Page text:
Twenty years ago, when I started working in Egypt as an epigrapher, I wasn’t given too many guidelines regarding how to do the best job when documenting a painted tomb. Our Hungarian project leader wanted to have the most detailed, most faithful, most informative, and most complete documentation that was accessible to everyone,
I can’t believe that digitalEPIGRAPHY has already been around for a little over a year! Thinking back on the past 12 months, there are two conflicting feelings that come to mind...
With our brand-new collections, digitalEPIGRAPHY would like to test the water to find out how we can support your research. What we've been working on for some time now is two visual databases, directly accessible and searchable through the website, implemented within the Complementary Material section.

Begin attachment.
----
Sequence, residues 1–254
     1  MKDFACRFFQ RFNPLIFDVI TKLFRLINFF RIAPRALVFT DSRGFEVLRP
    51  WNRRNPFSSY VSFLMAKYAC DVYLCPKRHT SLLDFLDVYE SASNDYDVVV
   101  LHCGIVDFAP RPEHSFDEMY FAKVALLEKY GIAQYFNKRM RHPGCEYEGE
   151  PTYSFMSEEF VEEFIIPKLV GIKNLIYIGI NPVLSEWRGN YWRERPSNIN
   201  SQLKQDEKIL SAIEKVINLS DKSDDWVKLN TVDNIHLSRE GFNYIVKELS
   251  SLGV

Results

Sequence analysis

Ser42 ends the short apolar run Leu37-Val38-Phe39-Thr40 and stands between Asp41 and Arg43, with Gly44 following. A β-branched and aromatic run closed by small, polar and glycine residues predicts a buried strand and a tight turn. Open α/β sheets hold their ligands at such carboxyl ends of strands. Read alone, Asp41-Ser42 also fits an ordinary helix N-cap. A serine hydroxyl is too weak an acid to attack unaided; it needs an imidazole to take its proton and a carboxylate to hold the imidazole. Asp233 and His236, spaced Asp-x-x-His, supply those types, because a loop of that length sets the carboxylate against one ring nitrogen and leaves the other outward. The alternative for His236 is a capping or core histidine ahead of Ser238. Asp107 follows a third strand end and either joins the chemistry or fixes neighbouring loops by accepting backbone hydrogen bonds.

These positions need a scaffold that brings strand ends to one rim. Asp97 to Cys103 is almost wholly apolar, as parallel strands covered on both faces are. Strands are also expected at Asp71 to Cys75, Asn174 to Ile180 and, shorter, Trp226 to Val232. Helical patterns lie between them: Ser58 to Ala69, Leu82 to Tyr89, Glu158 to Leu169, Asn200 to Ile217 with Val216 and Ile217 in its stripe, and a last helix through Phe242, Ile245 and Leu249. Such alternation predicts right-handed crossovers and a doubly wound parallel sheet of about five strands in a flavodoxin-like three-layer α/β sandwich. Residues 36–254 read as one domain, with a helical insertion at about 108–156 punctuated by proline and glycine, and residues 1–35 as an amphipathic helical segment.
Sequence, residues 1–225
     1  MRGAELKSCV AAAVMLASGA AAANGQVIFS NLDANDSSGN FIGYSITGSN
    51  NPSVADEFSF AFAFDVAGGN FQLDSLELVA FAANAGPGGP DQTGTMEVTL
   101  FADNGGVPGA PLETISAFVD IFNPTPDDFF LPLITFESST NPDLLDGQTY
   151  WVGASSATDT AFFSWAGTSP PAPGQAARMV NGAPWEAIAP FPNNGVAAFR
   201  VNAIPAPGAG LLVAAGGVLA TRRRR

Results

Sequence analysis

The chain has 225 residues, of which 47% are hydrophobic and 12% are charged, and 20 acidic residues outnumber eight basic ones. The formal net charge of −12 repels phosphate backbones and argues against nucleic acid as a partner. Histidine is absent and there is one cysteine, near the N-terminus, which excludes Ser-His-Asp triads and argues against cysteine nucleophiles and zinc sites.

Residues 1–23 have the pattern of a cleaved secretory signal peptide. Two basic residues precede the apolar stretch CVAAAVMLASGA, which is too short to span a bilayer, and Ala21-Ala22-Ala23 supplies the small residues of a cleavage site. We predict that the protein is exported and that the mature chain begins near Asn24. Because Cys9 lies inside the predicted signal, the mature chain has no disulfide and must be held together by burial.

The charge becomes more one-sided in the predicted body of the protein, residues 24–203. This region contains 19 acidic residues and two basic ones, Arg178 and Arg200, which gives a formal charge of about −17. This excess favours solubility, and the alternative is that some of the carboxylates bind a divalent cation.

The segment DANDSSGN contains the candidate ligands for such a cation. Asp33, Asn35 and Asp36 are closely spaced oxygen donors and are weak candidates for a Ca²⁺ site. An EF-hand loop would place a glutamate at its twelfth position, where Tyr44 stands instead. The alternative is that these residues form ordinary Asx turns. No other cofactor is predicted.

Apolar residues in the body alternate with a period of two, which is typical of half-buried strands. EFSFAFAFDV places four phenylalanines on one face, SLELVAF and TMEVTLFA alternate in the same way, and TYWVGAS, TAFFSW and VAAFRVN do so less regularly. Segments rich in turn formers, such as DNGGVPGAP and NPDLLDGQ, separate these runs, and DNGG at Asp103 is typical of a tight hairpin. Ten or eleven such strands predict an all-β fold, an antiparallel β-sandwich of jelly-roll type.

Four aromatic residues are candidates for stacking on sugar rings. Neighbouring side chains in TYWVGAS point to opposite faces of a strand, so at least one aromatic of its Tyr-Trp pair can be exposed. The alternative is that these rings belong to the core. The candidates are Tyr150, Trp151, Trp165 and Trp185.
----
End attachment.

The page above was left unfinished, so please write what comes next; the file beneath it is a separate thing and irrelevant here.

Apple’s first non-Pro tablet device attributed with Pencil support might be replaced by a new model this Spring. digitalEPIGRAPHY would like to put last year’s model under the microscope...
A lot of digital artists have the problem that after a while of using a Wacom tablet, the surface warms up and their hands start "sticking" to the drawing display, making the glass surface less than ideal for that smooth brushstroke they were about to draw.
A time-consuming way of merging scans of oversized images involves a lot of manual manipulation by the artist, but it gives a lot more control over the entire process.
Layer Masks are one of those Photoshop features that beginners might find hard to work with, although the philosophy behind masks is very simple: masks enable the artist to hide or reveal parts of a layer.
This time, we would like to introduce a long planned new series here at digitalEPIGRAPHY’s Reading section that concentrates on recording archaeological artifacts.
Précis and commentary by Júlia SchmiedRead more